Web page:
The Strength of Bad Ties

The Strength of Bad Ties:
Modeling Tying Caselaw Since the Sherman Act
by Felix Chang and Erin McCabe

23 May 2023

We deploy a suite of topic modeling visualizations to reveal how tying caselaw has fragmented since the Sherman Act. Topic modeling is a natural language processing algorithm that illustrates the statistical relationships among words within a corpus of texts; tying is the sale of one product on the condition that the consumer also purchase another product. Here our corpus consists of every federal tying decision between 1890 and 2018, a body of caselaw that is notoriously convoluted. Our results show that tying cases tend to be more loosely connected than in other antitrust doctrines. Additionally, using the “strength of weak ties” theory from sociology, we illuminate the similarities in legal and economic reasoning among tying cases in disparate industries.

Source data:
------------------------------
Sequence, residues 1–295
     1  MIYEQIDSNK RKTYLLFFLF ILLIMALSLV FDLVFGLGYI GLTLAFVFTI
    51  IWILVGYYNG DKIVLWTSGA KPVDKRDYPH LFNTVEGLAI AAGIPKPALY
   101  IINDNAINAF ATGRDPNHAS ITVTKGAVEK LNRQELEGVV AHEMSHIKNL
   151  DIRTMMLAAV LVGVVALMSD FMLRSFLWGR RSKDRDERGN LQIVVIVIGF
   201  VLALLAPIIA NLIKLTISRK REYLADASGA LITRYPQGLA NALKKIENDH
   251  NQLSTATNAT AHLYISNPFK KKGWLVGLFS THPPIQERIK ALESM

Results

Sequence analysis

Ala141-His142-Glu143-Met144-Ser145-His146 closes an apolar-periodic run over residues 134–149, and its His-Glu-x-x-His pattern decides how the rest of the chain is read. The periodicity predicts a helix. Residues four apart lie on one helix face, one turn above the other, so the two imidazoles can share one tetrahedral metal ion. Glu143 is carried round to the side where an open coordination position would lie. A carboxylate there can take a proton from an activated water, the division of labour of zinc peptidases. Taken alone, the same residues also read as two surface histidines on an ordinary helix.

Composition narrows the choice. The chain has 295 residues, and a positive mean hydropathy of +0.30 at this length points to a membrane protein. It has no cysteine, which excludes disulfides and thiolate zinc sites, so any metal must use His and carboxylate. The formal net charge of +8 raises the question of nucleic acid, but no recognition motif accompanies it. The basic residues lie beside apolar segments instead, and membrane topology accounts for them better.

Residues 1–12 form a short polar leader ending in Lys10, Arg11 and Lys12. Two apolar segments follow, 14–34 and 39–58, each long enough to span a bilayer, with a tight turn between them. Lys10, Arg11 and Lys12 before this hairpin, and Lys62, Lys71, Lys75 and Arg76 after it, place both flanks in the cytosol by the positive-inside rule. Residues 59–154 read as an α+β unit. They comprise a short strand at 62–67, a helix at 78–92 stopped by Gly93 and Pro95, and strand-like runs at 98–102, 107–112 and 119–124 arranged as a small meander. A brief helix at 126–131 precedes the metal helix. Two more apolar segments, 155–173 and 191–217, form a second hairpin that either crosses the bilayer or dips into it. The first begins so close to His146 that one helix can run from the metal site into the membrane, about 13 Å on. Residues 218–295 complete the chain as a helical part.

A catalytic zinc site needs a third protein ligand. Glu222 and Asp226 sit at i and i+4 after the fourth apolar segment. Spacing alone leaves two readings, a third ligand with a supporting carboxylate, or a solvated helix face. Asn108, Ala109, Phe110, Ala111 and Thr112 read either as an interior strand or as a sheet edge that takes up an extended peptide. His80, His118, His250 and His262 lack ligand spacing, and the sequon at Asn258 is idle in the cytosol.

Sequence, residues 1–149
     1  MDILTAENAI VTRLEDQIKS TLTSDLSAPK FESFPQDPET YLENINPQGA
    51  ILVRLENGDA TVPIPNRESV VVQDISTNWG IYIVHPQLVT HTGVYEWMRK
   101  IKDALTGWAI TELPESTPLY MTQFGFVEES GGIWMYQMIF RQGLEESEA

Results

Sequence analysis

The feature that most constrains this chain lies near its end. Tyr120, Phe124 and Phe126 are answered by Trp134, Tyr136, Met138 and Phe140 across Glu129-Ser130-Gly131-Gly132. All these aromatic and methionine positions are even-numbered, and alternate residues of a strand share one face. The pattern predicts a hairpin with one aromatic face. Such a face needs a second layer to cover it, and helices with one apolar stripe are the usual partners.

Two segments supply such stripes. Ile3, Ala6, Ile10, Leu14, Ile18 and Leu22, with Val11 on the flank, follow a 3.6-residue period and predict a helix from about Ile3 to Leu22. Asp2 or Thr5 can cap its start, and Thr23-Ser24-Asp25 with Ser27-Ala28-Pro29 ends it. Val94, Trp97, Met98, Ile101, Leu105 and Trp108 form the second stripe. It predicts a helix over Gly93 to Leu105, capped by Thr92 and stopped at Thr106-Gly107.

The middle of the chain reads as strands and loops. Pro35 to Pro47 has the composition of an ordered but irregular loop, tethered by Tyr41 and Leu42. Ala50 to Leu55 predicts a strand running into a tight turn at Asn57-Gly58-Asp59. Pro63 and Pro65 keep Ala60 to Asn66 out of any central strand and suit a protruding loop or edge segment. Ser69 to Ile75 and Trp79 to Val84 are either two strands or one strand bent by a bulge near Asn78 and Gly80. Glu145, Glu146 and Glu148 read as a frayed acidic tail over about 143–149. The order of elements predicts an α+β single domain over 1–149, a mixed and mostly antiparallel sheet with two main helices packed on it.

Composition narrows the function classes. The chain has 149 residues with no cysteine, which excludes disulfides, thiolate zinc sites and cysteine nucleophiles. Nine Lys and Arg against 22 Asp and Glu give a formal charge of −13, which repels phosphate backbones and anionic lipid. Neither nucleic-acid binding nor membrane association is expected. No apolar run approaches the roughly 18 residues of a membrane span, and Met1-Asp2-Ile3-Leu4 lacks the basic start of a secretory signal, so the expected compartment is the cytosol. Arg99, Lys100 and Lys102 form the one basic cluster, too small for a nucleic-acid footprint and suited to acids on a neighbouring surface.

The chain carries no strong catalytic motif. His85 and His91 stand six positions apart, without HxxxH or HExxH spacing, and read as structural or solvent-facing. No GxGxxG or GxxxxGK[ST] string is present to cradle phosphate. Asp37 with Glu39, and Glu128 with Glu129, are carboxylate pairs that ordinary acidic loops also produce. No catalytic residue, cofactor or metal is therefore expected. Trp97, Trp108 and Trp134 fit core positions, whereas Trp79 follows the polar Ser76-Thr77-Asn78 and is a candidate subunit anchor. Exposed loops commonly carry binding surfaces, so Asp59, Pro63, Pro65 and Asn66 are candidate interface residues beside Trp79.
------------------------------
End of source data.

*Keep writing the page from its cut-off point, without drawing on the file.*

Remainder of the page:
About the Speaker:
Felix B. Chang is a Professor of Law and the Co-Director of the Corporate Law Center at the University of Cincinnati (UC) College of Law and a Visiting Professor at Ohio State University College of Law.

Professor Chang’s writings span broad aspects of markets, inheritance, and inequality. In antitrust and financial regulation, his scholarship has examined the balance between competition and systemic risk in the derivatives and currency markets. Along with an interdisciplinary team, he is developing new tools for antitrust research through topic modeling. Professor Chang earned his BA from Yale and his JD from Michigan.

Chair: Dr Ryan Whalen, Faculty of Law, The University of Hong Kong

Enquiries: Flora Leung at